Working with other detectives from the art and antiques unit, Hill tracked down an art dealer who had connections to the thieves, met with him and one of the crooks in a hotel in Oslo and agreed to pay $530,000 (nearly a million in today’s dollars) for the painting. He then drove south with the dealer to his summer house in Asgardstrand, where he had hidden “The Scream” in the basement.

“It’s exhilarating to get what you’re going for back,” he told BBC News in 2014, adding that he felt he was “doing my bit for creation.”

Four men were arrested by Norwegian police and convicted of stealing “The Scream,” but three of them were freed by an appeals court, which ruled that the testimony of Hill and his partner was inadmissible because they had used false identities.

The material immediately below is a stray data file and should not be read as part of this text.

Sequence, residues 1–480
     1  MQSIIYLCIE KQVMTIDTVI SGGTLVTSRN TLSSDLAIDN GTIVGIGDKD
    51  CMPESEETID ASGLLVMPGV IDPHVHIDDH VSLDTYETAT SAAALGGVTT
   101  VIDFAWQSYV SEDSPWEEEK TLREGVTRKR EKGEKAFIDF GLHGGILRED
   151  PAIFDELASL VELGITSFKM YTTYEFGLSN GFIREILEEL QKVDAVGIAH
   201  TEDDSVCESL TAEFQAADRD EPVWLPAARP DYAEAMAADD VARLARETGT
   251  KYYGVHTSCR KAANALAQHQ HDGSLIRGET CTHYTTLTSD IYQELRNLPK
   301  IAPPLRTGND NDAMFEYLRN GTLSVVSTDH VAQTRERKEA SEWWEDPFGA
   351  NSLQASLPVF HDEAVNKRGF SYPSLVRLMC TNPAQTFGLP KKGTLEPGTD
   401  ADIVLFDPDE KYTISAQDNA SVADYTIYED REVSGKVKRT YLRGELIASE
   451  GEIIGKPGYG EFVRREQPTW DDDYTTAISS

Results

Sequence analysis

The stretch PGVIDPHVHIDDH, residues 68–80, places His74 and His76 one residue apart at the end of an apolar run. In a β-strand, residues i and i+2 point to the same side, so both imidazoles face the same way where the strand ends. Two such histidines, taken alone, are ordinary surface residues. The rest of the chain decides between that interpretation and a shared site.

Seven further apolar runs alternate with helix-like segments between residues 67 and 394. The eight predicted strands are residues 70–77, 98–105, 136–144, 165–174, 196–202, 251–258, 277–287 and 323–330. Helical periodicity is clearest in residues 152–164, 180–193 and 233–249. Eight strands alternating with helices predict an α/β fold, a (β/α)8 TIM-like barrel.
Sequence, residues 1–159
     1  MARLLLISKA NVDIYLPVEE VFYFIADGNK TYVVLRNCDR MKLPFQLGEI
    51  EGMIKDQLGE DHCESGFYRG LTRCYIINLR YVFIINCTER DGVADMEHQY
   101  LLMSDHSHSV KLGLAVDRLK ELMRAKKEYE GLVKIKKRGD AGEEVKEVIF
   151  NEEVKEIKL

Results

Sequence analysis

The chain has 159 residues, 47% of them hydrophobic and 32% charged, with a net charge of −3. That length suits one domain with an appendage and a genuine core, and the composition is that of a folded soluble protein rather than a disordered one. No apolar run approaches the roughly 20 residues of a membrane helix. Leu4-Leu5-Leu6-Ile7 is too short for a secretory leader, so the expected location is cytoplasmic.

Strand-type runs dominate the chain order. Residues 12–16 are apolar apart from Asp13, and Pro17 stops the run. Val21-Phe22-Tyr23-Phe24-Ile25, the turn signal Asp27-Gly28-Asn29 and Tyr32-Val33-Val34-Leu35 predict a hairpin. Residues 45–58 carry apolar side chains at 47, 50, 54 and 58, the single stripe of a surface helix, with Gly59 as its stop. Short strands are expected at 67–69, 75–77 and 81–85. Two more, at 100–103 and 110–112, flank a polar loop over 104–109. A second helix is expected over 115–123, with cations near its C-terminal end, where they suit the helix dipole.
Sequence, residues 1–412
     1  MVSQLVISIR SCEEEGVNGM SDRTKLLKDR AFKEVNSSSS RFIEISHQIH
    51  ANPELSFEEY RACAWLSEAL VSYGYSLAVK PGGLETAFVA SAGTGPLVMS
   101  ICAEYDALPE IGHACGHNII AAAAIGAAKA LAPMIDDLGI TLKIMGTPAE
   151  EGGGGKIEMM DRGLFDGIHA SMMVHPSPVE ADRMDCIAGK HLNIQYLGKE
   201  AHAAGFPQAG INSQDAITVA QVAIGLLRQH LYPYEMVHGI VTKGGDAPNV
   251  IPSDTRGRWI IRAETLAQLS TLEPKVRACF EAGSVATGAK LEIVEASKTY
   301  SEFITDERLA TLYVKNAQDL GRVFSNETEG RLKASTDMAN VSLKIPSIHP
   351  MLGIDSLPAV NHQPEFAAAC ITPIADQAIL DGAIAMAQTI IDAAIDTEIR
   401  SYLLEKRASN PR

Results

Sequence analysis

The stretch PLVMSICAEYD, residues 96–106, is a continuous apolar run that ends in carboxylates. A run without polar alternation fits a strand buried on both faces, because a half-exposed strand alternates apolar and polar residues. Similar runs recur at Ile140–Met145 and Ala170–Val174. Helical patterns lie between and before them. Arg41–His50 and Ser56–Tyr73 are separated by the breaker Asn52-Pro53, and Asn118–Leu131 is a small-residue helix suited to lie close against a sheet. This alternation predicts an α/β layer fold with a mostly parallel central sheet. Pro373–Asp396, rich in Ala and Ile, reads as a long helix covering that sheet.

Hill died on Feb. 20 in a hospital in London. He was 73.

The cause was a torn aorta, his daughter Susannah Lannoy said.

Charles Patrick Landon Hill was born in Cambridge, England, on May 22, 1947. His mother, Zita (Widdrington) Hill, who was British, was a dancer; his father, Landon, who was born in Oklahoma, was an Army Air Forces (and later Air Force) officer who was among the first people to enter the Dachau concentration camp in Germany after its liberation. His postwar postings included London and Wiesbaden, Germany, as well as Washington, San Antonio,Texas, and Colorado Springs, Colorado.

Charley, as he was known, graduated from the private St. Albans School in Washington and attended Trinity College in Hartford, Connecticut, before dropping out to join the Army, serving as a paratrooper during the Vietnam War. In 1971, he earned a bachelor’s degree in history from George Washington University; he then attended Trinity College in Dublin on a Fulbright scholarship, taught remedial math at a school for two years in Belfast and studied theology at King’s College London in 1976.